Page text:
Nigeria's troubled Niger Delta region has seen a sharp rise in cult-related violence since the flawed elections of 2007. A violent insurgency has provided cover for militia gangs that now dominate the delta's neglected communities, where many feel cheated out of the wealth being pumped out of their land.
Residents of the Niger Delta say criminal gangs, which call themselves cults, have taken advantage of the security vacuum created by the Niger Delta conflict. They say the gangs have established a strong presence in local villages and are terrorizing residents and members of the oil industry.
The overwhelmed security forces have been pre-occupied with protecting oil installations and personnel, allowing armed gangs to run rampant in the massive swampy region, stealing crude oil, killing and extorting money from residents.
Niger Delta analysts blame these cults for most of the violence in the region. A Niger Delta peace activist, Mayor Onyebueke, warns that the cult culture in the delta is growing and at a huge cost to the society.
"You discover that even our young kids, even at the level of primary school; you see them engaging in most of these clandestine organizations and activities," said Onyebueke. "And it is causing a lot of disruptions. Most of them go into drugs, most of them take to violent crimes and you discover most of them going mental at very young ages. Some of them become dropouts and touts and that affects their productivity. And that also affects our economy."
Violence in the delta, a wetlands region, is rooted in poverty, corruption and lawlessness. The region has the highest unemployment rate in Nigeria and is the most impoverished. Most inhabitants have seen few benefits from five decades of oil extraction that has damaged their environment.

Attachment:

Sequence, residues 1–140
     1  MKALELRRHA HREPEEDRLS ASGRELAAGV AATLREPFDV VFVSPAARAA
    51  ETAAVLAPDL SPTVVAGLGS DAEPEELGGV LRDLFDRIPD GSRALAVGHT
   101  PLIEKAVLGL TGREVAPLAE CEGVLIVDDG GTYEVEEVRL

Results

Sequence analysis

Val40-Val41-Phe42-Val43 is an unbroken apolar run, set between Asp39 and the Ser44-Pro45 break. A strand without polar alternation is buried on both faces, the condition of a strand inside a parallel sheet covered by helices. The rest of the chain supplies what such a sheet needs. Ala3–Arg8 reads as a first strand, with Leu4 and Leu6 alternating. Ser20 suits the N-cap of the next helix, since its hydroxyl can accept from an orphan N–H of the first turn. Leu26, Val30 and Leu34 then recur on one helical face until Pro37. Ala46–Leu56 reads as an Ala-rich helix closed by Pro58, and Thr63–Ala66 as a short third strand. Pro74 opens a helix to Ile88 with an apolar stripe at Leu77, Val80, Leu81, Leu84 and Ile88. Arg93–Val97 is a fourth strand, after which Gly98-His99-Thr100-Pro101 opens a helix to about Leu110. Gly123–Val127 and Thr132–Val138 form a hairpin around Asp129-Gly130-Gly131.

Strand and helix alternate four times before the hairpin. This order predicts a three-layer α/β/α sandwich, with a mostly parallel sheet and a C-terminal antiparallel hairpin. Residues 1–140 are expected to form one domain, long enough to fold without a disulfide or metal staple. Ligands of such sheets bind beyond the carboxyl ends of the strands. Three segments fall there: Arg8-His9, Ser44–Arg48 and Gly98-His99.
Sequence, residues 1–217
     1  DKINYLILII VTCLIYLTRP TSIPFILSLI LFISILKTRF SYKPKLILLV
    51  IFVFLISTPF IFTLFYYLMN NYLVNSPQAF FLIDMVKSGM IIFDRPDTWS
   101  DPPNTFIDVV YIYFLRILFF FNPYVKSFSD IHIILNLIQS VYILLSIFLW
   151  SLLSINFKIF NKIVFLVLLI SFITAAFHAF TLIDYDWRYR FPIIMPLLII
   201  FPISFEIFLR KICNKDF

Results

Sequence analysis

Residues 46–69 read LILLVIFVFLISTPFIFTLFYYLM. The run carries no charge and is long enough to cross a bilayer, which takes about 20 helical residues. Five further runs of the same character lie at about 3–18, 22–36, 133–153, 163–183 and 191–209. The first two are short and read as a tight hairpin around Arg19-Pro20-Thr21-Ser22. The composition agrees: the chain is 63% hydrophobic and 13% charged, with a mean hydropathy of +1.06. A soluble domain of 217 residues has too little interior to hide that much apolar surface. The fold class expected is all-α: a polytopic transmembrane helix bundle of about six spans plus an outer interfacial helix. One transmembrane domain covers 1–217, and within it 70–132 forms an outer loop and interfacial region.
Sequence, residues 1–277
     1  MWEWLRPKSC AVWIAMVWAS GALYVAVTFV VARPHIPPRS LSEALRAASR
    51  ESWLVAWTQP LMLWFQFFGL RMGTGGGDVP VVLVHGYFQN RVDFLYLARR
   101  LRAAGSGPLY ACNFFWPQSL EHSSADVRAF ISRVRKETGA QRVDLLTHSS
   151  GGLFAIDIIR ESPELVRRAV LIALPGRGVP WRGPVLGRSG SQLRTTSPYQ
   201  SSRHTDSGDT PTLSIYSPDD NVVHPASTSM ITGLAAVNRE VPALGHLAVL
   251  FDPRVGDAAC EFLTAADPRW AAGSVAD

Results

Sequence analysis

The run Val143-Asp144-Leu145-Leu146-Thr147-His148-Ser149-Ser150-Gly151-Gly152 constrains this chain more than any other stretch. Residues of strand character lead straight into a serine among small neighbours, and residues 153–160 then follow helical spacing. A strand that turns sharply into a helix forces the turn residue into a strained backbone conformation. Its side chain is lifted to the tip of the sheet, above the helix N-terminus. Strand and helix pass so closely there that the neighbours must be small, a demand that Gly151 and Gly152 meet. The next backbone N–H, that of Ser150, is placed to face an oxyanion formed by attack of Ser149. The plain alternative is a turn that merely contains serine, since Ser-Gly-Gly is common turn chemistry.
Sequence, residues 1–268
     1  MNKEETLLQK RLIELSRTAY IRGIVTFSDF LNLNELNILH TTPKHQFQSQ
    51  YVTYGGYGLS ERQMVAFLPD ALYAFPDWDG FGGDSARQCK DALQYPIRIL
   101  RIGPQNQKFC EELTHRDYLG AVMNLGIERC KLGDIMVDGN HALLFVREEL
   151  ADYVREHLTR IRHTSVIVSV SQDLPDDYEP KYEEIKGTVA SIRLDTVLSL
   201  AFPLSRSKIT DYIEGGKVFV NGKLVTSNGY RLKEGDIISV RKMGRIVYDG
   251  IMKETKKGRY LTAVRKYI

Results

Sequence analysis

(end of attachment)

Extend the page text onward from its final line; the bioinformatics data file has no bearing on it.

Onyebueke says the criminal gangs have come to symbolize a rebellion against what most Niger Delta residents see as an exploitative federal government in Abuja.
"You look at them like very violent groups; their communities do not look at them like violent groups," he continued. "They look at them like vanguard organizations through which they express their displeasure; they express their anger on the exploitation of their land to the government. So most of the time we do not brand them violent or secret cults because their communities do not tag them that."
Oil and gas account for 90 percent of Nigeria's foreign exchange earnings.
Violence has taken a toll on oil output. Production currently ranges between 1.8 million and two million barrels per day, a sharp decline from the more than two and a half million three years ago.
President Umaru Yar'Adua says the government was considering an amnesty to gunmen in the Niger Delta if they agreed to lay down their weapons. The main militant group has rejected the amnesty offer.